6. When comparing competing devices, check to make sure that there is a common basis to the sensitivity rating in bandwidth, signal type and measurement conditions.

Power = (Voltage)2/ Impedance

Determine if the sensitivity rating is based on a specified signal voltage at either the rated or nominal impedance, it makes a difference. Where minimum impedance is lower than nominal, and the test signal bandwidth includes the minimum impedance point, it can skew the sensitivity rating.

P = (2.83V)2 / 8 ohms = 1 watt

P = (2.83V)2 / 6.8 ohms = 1.17 watts ( +0.7 dB)

P = (2.83V)2 / 5.5 ohms = 1.45 watts ( +1.6 dB)

Quick check of ratio of impedance

10log (8 ohms / 6.8 ohms) = 0.7dB

10log (8 ohms / 5.5 ohms) = 1.6dB

Sensitivity, Power Handling and Output

Remember that sensitivity is only part of picture. Sensitivity combined with power handling will tell you what the maximum output level capability is. A high efficiency device with low power handling may not be able to produce as high an output level as a low efficiency device with higher power handling, and vice versa.

  1. There are other factors that tend to change in the sensitivity/power handling tradeoff. Distortion will vary, and will tend to increase as output level and cone excursion increases. In general, a high efficiency device has the voice coil entirely within the voice coil gap at rest, which means that it has the maximum motor force available through small excursions, but at longer excursions the voice coil starts to leave the gap which results in a non-linear drop in motor force, and non-linear distortion. A high linearity / low efficiency device has a long voice coil to maintain linear travel through long excursion, but only a fraction of the wire is in the gap at any time, so only a small amount of the total motor force is available. You need to match the device to your requirements for low distortion or high output, and integrate those requirements into the overall system design.

  2. Bandwidth - Efficiency Product is something that generally applies to loudspeakers. Typically higher efficiency is available at the cost of extended bandwidth, and extended bandwidth is available at the cost of high efficiency. Basically what this saying is that there is no such thing as a free lunch, and a moving system has to balance the need for efficiency with the need for linearity. Even systems that seem to cheat by using dynamic or motional feedback to deliver linearity at higher excursions, if analyzed, will show that the extra negative feedback drops the true efficiency of the overall system. In the world of loudspeakers this means that very efficient all horn loaded speaker systems, require multiple devices operating over narrow bands. Wide bandwidth systems like studio monitors are seldom as efficient as a horn loaded speaker system.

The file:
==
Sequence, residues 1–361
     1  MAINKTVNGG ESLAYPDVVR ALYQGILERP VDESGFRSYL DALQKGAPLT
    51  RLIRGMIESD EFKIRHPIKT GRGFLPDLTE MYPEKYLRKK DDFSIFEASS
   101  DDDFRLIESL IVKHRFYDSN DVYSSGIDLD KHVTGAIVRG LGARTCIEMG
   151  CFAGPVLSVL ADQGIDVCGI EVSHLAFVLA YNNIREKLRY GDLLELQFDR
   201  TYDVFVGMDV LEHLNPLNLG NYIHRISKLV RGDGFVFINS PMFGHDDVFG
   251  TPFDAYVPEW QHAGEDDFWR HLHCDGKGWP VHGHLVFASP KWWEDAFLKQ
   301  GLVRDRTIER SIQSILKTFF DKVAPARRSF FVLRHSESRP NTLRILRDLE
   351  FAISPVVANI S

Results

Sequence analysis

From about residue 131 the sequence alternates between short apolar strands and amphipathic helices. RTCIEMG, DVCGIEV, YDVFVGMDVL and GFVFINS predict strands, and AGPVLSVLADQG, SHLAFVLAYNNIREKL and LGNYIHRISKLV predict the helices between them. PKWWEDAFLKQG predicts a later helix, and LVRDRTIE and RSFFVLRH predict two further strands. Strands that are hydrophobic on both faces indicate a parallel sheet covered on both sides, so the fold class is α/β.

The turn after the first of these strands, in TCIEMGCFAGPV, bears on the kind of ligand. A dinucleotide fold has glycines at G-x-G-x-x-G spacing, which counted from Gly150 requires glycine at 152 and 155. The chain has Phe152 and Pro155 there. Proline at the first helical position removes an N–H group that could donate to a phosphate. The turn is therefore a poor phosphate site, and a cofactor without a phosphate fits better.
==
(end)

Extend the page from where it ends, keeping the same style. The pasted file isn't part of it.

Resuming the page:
Speaker 1

Sensitivity: 95dB @ 1 watt @ 1 metre

Power handling: 300 watts AES

300 watts is 24.8 dB above 1 watt

Max output: 95dB + 24.8dB = 119.8dB @ 1 metre

Speaker 2

Sensitivity: 99dB @ 1 watt @ 1 metre

Power handling: 150 watts AES

150 watts is 21.8dB above 1 watt

Max output: 99dB + 21.8dB = 120.8dB @ 1 metre

Speaker 3

Sensitivity: 90dB @ 1 watt @ 1 metre

Power handling: 1000 watts AES

1000 watts is 30dB above 1 watt

Max output: 90dB + 30dB = 120dB @ 1 metre

On-Axis Frequency Response
(where the lucky few sit)

As strange as it may seem, more people will sit off-axis than on-axis, so as important as it is to have smooth and extended on-axis response, it is only part of the picture. We'll cover the off-axis performance shortly. On-axis response is a common and important specification, and seems to enjoy a wide range of latitude in its interpretation by marketing departments.